My loves,

I am writing you this on a sandy bank. An emerald-green river moves unhurried to the sea. Cicadas are sounding in the trees. It looks like it might rain. Michelle Alexander once told me: “The world right here is just as real as the world out there.”

I hold fast to those words. Amid daily news of pandemic, climate crisis, assaults on rights, and war — and all the invisible battles we fight each day — there is still wonder all around us. When we open our senses to the earth, we can find breath.

Look around you — what is the most beautiful thing you can see? A tree out the window. A potted plant. A sleeping child. A crease in your palm that reminds you of your grandmother’s hands. Notice what happens when you breathe this in.

In this installment of our summer series, we explore how to breathe as a practice of revolutionary love.

Let’s start with a definition. Breathing is the practice of noticing your breath and letting it deepen. It is also the act of slowing down to care for our bodies, minds, and spirits. Taking the time to breathe, literally and metaphorically, is a way to assert that our bodies are worthy and beloved. Loving our bodies is the first and primal act of loving ourselves.

Notice I say: loving ourselves. I do not believe self-care is an accurate term for what we need. When the world tries to choke our breath, it can feel like another violation to hear: just practice self-care. We need community care. We need institutions and networks of relationships that work to meet our needs. Breathing in community is how we last.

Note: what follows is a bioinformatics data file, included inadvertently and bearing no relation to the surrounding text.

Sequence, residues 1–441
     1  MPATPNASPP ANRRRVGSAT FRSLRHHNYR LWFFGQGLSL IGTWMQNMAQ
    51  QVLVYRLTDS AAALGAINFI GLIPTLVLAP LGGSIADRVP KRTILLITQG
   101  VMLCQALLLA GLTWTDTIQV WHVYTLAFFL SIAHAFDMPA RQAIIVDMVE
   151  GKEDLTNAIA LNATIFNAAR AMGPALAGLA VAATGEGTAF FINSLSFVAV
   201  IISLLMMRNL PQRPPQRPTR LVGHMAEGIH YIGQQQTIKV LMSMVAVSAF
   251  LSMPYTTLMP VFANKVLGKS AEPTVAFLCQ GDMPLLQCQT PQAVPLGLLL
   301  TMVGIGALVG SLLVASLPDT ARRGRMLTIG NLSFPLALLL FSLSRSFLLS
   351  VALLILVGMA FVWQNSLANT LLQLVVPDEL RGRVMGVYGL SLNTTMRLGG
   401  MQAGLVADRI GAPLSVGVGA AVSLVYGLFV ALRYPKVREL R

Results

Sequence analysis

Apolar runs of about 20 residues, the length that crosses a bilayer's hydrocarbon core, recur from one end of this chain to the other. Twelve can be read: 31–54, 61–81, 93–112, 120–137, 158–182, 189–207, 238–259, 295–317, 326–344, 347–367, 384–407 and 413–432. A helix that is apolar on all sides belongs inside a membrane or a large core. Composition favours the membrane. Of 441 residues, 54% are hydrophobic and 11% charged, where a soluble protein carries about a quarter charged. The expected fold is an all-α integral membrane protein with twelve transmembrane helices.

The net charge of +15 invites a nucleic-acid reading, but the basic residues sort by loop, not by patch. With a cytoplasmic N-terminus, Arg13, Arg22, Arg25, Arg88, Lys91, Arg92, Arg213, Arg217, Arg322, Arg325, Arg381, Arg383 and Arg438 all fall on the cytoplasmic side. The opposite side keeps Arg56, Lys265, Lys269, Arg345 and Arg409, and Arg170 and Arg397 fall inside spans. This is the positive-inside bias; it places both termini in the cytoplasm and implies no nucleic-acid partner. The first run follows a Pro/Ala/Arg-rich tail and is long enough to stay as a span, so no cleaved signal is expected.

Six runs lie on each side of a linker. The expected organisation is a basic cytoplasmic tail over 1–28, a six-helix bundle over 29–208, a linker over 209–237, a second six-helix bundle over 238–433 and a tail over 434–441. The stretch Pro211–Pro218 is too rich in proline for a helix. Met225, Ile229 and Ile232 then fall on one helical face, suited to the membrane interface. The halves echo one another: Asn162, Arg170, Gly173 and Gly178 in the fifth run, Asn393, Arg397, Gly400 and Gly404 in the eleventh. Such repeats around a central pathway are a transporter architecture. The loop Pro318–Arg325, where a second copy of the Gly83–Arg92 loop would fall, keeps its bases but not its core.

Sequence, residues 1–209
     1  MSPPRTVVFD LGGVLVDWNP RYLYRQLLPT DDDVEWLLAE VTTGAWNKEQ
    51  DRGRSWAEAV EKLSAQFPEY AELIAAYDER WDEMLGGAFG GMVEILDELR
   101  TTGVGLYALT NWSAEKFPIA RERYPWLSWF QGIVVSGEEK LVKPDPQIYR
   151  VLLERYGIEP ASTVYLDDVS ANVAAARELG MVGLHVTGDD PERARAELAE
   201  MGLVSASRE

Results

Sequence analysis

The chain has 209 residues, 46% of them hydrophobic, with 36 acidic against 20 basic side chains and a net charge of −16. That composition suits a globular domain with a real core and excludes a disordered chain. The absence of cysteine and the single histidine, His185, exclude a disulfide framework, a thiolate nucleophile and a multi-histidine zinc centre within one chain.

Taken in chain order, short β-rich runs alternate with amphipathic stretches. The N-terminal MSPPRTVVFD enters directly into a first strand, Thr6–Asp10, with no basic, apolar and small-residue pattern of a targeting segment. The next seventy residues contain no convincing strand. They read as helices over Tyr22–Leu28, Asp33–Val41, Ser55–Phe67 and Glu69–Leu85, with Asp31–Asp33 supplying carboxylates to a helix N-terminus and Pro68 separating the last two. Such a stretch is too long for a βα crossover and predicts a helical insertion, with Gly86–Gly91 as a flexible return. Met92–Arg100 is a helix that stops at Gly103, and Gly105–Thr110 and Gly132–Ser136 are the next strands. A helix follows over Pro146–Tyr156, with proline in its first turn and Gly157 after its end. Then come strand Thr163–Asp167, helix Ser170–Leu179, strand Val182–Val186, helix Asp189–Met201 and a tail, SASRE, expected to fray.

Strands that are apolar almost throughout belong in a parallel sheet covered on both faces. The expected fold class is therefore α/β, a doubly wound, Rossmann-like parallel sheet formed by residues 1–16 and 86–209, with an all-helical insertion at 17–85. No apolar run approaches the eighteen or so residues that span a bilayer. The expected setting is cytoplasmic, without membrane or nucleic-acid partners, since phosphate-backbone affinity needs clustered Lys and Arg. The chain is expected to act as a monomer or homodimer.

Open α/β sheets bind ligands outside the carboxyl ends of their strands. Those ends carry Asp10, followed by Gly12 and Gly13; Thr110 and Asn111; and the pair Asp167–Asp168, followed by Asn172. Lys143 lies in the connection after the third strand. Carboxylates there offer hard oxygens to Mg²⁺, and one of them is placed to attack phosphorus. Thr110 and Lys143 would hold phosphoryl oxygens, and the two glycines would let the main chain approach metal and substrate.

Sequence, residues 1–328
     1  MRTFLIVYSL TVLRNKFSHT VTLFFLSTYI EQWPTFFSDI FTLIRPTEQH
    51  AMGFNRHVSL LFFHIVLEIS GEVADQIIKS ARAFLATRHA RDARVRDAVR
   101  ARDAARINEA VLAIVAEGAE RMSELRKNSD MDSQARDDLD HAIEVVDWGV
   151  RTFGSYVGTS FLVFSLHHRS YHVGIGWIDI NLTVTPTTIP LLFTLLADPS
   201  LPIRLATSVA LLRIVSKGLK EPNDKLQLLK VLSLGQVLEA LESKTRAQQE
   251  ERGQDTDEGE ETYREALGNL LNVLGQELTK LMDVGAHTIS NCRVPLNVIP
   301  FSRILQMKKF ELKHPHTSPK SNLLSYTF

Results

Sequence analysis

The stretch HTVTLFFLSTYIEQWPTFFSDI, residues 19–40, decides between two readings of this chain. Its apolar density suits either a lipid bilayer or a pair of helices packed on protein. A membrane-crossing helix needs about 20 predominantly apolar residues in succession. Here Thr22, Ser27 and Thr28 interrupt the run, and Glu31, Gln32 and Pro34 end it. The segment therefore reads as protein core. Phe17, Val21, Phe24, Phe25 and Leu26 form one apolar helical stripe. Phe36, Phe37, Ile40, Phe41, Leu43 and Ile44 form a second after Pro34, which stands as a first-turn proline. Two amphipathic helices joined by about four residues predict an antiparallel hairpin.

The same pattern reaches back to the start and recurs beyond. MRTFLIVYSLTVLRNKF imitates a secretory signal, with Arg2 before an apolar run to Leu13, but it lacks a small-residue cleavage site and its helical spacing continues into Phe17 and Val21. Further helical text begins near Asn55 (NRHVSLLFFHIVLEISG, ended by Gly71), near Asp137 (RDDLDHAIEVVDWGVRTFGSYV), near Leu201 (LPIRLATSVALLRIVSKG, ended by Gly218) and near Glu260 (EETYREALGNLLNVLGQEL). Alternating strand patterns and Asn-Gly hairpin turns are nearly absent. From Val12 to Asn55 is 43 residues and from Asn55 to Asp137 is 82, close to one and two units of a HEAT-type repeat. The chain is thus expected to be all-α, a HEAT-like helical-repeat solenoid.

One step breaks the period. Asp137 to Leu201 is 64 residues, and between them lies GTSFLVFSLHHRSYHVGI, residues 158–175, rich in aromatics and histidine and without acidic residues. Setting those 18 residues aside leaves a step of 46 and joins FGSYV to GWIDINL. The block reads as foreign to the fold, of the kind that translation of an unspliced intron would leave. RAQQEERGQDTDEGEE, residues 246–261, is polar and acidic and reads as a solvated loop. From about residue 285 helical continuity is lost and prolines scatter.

You deserve to last.

Integrating breath-giving practices into your daily life doesn’t need to be overwhelming or expensive. You can start where you are, right now, with what you have.

Scroll down for your toolkit. Share this email with a friend and practice together. Small acts can strengthen the network of people in our lives to breathe with and lean on. Then tell me how you are breathing this week in the Community Conversation. I breathe with you.

Yours,
Valarie



A Guided Inquiry

Place your hand on your heart and another on your belly. And now let the breath come, feeling your belly fill up. Hold for four. Let it go. What does it feel like to let this deep of a breath into your body?

Take in your surroundings. Let your eyes fall on the most beautiful thing around you. Notice its color and shape. Notice the way the light falls on it. Notice its beauty. No matter what is happening out there in the world right now, no matter how dark, or violent, or cruel, this beautiful thing also exists. The world right here is just as real as the world out there.

Take another deep breath. Notice if it’s a little easier. When we give our attention to wonder, we call it breathtaking. But perhaps we should call it breathgiving. Awe stretches out our capacity to be present and let in even a sense of joy. Notice what you feel in your body.

Is this feeling in your body familiar or is it rare? How have you been breathing? What do you need to be able to breathe like this every day? Get quiet and listen.


This Week's Practice